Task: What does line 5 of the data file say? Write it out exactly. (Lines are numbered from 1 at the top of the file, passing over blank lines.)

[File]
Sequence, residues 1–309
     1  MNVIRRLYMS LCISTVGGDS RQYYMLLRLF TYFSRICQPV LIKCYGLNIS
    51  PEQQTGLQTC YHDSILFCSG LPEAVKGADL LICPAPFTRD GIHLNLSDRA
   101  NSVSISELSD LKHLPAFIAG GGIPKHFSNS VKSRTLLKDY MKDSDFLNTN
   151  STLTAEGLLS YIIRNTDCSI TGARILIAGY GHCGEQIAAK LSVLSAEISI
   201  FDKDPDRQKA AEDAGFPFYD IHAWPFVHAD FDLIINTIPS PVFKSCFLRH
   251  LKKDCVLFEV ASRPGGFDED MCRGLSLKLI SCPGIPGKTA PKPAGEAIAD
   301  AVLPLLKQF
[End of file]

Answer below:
   151  STLTAEGLLS YIIRNTDCSI TGARILIAGY GHCGEQIAAK LSVLSAEISI